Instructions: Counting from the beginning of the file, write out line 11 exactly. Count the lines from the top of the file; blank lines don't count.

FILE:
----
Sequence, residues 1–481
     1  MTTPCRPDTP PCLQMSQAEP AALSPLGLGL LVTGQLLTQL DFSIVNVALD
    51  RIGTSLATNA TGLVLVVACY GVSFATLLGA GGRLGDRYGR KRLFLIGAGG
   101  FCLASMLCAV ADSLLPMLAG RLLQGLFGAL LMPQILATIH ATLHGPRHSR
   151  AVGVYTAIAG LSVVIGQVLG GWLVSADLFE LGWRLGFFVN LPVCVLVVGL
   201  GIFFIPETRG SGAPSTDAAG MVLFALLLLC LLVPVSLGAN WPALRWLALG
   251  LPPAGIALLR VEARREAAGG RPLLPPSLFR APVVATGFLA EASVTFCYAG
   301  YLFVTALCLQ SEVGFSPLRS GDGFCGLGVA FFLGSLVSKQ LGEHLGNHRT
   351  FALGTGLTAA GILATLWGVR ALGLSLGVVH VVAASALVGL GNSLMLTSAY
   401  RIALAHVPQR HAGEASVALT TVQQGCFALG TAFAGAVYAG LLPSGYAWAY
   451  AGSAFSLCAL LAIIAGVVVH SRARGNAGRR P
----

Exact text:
   451  AGSAFSLCAL LAIIAGVVVH SRARGNAGRR P